I’ll need this reminder again. But for today I’m grateful I can rest in my Savior. His grace is available in our hardest parenting moments. We simply need to reach out and accept what He’s offering us. He won’t force us. He’s too gentle for that.

 

 

 

 

 

One blip of a moment that showed why simple traditions matter

In our first year of marriage, Steve played on a church softball team. One crisp Friday night, I sat on the bleachers cheering him on. A group of teenagers surrounded me. They were discussing Friday night plans. We had no children yet, so naturally I leaned in to spy on their conversations.

Lighthearted laughter, bantering back and forth. I smiled. I hope my teens have sweet spirits like this one day, I thought. A girl called out to one of the guys. “Hey, we are all going out to grab something to eat tonight. Want to go with us?”

“Not tonight! It’s Friday. Chicken and rice Friday. I never miss mom’s chicken and rice.”

My heart melted right into those hard as a rock metal bleachers. A teenage boy declining a Friday night out to go home to his mom’s meal. Because that is what Friday nights held in their home.

That was a turning point moment for me as a not-yet-mama.

I saw what I wanted to create in our family. I wanted a connected family. One filled with simple, yet meaningful traditions.

Start with the end in mind.

When an architect draws up a house plan, they ask their client what it is they want. The client will tell them their dream home and what they envision. They may say things like “I want to host large parties. Entertaining is important to me.” And the architect will draw up a plan that includes a design fit for their dreams and ideas.

When building begins, the builder works from the plan. The plan lays out the steps needed to reach the end goal and final result. Each step is intentionally taken to create the vision cast by the client.

In the same way, creating a family culture and establishing connected relationships involves looking down the road and deciding what is most important. Then you make a plan. Not a perfect plan. But. A plan.

With our families, we start with the end in mind too.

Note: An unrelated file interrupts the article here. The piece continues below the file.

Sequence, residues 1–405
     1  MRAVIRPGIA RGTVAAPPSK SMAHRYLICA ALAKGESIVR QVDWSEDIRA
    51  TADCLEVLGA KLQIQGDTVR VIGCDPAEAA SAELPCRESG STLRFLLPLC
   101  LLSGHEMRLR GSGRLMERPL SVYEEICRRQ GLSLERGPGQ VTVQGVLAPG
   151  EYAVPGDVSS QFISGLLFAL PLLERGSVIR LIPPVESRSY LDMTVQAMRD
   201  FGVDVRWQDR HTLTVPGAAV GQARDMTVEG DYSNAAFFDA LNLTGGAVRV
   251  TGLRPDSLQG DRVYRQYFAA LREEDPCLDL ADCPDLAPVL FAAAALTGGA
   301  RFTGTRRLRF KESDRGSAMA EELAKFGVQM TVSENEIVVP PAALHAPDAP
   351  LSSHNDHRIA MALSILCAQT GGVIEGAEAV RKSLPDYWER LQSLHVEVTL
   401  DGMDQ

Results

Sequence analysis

Here are a few ideas:

  • read aloud together. Start early and keep going when you think they’ve outgrown it. We are never too old to listen to stories. Some of my favorite memories are around books we’ve read together as a family. We’ve laughed and cried and celebrated.  We have a collection of memories around stories. It’s a favorite summer tradition in particular.
  • a simple weekly meal – like chicken and rice Friday. Taco Tuesdays are pretty popular. It’s simply nice to have something to all look forward to together. It’s steady and sure. Taco Tuesday arrives each week without much hurrah. Just a regular meal everyone counts on in a world that often is filled with setbacks and disappointments.
  • family dinners – sitting together to eat is important to me. Creating schedules to make that a priority is hard but worth it. For some families this is exceptionally hard. Try for at least one night a week. Or 2 or 3. Just set what works and stick to it.
  • weekly family night- Pick a night of the week for some family activity. Game night. Movie night. Go get ice cream. Again it’s that repeated activity that everyone counts on and looks forward to.
  • holiday traditions – The simpler the better. You don’t have to consult Pinterest and go over the top. Kids are typically quite pleased with less than we adults realize. It really is about the little things.
  • birthday traditions – My motto is always simple. I have a birthday banner from Zachary’s 5th birthday I saved. I hang it for everyone’s birthday. They all expect to see it when they wake up.

We have so many traditions, but they are super simple. In fact, I’d go so far as to say they are so simple, my kids wouldn’t call them a “tradition”. But to me a tradition is something we repeat together and come to expect we will continue to repeat.

My almost 16 year old son was invited to something recently. When he told me, I quickly said, “Go! You should go.” He responded, “No mom, that night is the same one as our annual tradition. It’s a tradition. I don’t want to miss it.”